U.S. Seeks to Avert Pollution by Tracking Medical Wastes
The government Monday announced a 10-state program to track medical wastes, hoping to help avoid a repeat of last summer when beaches closed after syringes and other medical debris floated ashore.
But Environmental Protection Agency officials acknowledged that the pilot program is expected to only partially address the beach pollution problem since many of the wastes that washed ashore last summer came from sources not covered by the agency’s action.
And a group of 19 congressmen criticized the EPA for excluding some categories of medical wastes, including items such as surgical gloves and bandages even if they have been used in treating patients with AIDS or other contagious diseases.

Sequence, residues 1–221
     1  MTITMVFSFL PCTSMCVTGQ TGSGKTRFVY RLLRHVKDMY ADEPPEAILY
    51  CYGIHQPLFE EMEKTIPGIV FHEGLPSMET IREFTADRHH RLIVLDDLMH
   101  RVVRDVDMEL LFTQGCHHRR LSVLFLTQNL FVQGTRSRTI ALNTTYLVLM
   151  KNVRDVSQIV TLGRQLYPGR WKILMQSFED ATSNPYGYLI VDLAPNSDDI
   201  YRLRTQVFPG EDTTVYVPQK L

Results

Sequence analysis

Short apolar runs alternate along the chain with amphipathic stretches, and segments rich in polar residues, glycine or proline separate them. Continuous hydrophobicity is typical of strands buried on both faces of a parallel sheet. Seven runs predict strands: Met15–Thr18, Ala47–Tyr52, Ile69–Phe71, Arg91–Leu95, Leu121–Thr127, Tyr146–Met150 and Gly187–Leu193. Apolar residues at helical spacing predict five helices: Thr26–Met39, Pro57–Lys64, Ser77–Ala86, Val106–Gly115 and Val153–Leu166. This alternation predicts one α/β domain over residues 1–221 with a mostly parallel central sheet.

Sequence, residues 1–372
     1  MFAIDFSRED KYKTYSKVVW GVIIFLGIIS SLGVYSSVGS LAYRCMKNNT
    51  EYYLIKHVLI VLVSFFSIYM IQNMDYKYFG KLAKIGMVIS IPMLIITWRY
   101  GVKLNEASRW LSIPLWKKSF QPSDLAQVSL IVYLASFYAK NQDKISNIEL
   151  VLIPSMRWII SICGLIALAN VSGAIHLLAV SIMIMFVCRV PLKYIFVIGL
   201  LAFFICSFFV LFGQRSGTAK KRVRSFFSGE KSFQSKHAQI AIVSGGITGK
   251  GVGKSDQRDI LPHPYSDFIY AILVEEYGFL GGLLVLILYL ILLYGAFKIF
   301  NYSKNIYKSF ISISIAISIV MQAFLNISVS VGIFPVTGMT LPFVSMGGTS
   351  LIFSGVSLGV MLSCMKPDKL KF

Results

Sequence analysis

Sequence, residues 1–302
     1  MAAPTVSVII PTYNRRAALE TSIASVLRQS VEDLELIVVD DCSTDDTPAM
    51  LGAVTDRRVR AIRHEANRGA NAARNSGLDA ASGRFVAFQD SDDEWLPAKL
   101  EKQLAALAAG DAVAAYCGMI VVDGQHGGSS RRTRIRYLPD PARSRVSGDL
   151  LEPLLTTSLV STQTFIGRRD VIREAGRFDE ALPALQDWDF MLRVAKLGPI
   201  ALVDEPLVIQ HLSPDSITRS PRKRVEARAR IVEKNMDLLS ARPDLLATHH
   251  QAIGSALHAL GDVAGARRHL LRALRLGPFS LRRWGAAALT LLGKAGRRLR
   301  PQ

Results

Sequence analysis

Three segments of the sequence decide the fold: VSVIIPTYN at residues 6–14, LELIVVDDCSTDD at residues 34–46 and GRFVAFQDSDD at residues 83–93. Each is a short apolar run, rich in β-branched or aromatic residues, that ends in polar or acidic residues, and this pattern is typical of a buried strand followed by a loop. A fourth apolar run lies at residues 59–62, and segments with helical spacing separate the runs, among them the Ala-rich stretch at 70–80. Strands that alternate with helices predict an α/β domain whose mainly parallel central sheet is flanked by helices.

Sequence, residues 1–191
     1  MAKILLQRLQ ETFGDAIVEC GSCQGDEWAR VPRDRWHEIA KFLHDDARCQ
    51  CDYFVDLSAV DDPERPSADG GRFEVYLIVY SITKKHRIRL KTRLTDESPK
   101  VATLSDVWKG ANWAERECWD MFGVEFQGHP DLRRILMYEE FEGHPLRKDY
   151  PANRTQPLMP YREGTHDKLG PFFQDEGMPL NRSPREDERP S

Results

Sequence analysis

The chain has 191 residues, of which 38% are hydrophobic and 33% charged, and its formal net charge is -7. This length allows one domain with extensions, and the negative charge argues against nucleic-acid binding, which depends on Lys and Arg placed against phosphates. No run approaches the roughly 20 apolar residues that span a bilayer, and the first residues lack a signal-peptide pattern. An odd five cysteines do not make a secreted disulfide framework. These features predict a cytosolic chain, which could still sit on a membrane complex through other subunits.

“The EPA cannot make the medical waste problem disappear by limiting the definition of the term ‘medical waste,’ ” said Rep. James J. Florio (D-N.J.).
The agency’s administrator, William K. Reilly, said the rules “will substantially increase” the amount of medical wastes that are given close scrutiny during disposal. Senior EPA officials said the agency excluded items if they were considered no longer to be a health threat as a waste product.